Fleet Street Walk

Every Marketor knows the importance of communications. After all, no matter how brilliant the marketing strategy, it is only effective when communicated to the target audience.

In the 1920s most large London ad agencies plied their trade in Aldwych and Kingsway because they were close to Fleet Street, the centre of the newspaper industry - their major media outlet (and clients). While the agencies eventually moved on to Soho and beyond, the hacks continued in Fleet Street until just after the turn of the century.

So, join the Marketors as we walk through the history of the development of communications in our great city. Until 2005, when the last two journalists left, Fleet Street and environs have for centuries been the places from which the news of the day has emanated.

We will travel from Paul’s Cross, where news was proclaimed by criers, to the area where scribes stationed themselves so they could be found by those needing assistance in reading and writing. And then on to the adoption of printing, and the realisation that money could be made from spreading information.

We will see the street where gossip was converted to news, and the decisions in the two great bookending courts, civil and criminal, were reported to an eager public. (The publishers were likely as interested, for themselves, in the libel cases being adjudicated in the Royal Courts where damages continue to be assessed to this day.)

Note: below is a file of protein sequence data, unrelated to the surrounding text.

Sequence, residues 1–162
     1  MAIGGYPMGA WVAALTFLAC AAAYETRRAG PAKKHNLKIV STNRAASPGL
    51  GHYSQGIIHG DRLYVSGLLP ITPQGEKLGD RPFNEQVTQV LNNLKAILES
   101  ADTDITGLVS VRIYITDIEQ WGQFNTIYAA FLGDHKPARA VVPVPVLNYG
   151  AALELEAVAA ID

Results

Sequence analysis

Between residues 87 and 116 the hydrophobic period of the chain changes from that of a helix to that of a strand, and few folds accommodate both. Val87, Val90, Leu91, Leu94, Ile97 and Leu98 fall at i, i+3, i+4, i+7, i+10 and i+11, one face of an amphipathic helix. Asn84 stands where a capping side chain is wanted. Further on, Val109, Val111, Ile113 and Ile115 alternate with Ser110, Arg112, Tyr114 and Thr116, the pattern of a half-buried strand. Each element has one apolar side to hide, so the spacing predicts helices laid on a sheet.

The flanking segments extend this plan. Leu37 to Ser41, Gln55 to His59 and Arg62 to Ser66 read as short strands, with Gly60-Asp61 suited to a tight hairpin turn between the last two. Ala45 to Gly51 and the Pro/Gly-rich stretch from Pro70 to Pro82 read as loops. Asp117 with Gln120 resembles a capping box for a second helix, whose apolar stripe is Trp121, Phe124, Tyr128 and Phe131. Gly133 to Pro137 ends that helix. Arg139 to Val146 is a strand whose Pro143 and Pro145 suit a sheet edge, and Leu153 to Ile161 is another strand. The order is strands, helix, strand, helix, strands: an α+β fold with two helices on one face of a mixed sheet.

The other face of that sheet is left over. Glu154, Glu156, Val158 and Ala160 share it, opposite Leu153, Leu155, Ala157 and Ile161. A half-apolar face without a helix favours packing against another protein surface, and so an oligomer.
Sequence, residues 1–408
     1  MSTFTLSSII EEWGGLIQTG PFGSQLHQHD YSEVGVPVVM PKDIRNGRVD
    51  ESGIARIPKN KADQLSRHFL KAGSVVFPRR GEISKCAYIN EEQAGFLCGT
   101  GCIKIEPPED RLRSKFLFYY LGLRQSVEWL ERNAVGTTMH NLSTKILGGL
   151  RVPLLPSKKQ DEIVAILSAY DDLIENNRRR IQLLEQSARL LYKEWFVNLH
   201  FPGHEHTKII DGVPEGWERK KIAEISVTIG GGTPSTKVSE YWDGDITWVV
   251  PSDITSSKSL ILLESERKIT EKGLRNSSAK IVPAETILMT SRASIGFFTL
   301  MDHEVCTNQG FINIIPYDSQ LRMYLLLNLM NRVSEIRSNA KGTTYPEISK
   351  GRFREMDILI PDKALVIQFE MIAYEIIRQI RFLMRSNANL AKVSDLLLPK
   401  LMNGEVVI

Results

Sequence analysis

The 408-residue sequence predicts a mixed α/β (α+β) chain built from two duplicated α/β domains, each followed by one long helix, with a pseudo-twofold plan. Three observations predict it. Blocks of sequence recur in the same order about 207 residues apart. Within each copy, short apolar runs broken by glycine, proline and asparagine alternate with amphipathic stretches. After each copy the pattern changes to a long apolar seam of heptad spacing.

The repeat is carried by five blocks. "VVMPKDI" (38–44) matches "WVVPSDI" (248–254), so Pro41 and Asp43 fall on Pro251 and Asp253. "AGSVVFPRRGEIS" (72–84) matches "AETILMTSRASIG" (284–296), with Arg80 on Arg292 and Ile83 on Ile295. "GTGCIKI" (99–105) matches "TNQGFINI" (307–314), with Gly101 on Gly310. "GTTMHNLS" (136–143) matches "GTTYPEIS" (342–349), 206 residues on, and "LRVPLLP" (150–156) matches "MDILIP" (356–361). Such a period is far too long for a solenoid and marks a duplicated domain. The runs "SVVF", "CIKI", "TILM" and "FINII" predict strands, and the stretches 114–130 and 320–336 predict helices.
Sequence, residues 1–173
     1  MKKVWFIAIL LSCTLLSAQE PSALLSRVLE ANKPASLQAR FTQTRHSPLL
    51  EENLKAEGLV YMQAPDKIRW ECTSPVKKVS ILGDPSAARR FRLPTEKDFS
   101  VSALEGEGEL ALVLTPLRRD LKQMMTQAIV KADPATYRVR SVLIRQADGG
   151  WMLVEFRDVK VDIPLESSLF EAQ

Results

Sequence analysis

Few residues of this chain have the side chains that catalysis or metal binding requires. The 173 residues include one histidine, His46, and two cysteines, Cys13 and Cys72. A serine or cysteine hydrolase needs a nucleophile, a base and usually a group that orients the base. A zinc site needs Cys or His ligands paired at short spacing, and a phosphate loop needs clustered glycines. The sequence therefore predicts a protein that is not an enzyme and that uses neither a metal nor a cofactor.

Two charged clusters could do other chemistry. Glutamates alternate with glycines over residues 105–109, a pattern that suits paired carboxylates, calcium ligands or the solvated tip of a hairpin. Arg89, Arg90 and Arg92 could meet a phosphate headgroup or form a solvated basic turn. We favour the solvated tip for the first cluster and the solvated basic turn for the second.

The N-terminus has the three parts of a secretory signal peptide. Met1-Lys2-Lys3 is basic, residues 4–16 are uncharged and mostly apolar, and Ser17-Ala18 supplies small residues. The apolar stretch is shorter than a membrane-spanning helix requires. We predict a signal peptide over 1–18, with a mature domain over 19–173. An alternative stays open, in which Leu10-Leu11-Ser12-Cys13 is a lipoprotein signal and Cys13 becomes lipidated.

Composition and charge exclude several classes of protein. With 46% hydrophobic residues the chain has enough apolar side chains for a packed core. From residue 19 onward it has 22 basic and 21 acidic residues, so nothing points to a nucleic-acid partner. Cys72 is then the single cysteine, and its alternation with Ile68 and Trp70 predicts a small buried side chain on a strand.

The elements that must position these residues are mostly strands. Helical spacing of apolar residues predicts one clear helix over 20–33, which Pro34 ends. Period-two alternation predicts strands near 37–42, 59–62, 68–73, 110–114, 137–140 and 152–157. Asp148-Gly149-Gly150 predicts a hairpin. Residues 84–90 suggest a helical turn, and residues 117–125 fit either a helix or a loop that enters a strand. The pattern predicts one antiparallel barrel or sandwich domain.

Every Marketor knows the importance of communications. After all, no matter how brilliant the marketing strategy, it is only effective when communicated to the target audience. In the 1920s most large London ad agencies plied their trade in Aldwych and Kingsway because they were close to Fleet Street, the centre of the newspaper industry - their major media outlet (and clients). While the agencies eventually moved on to Soho and beyond, the hacks continued in Fleet Street until just after the turn of the century.

We will see the buildings where great publishing empires shaped the opinions of the British Public.

The tour will finish at the Old Bank of England pub, for a spot of lunch. The building was constructed as the Law Court’s branch of the Bank of England to facilitate the work of the civil judiciary (1888 to 1975) and retains the grandeur befitting a City branch of the Bank. As a macabre aside, the pub claims to be located between the shop of the Demon Barber, Sweeney Todd, and the pie shop of his lover, Mrs. Lovett. But don’t let that put you off your lunch!

To book tickets:

Date: Saturday 19th October 2019

Time: 10:30am - 12:45pm

Dress: Comfortable shoes and suitable clothes for the weather. REMEMBER TO BRING YOUR MARKETORS BADGE

Cost: £30 per person, to include a main course at lunch

Meeting Place: North entrance of the crypt of St. Paul’s Cathedral (the entrance facing Paternoster Square). Look for the man in the hat.

Nearest Tubes: St Paul's, Mansion House, Blackfriars

Nearest Trains: City Thameslink, Blackfriars, Cannon Street

To contact the Event Director, email Sunila Labo on sunila.labo@icloud.com

Booking Deadline: September 30th 2019

Refund Policy: NO REFUNDS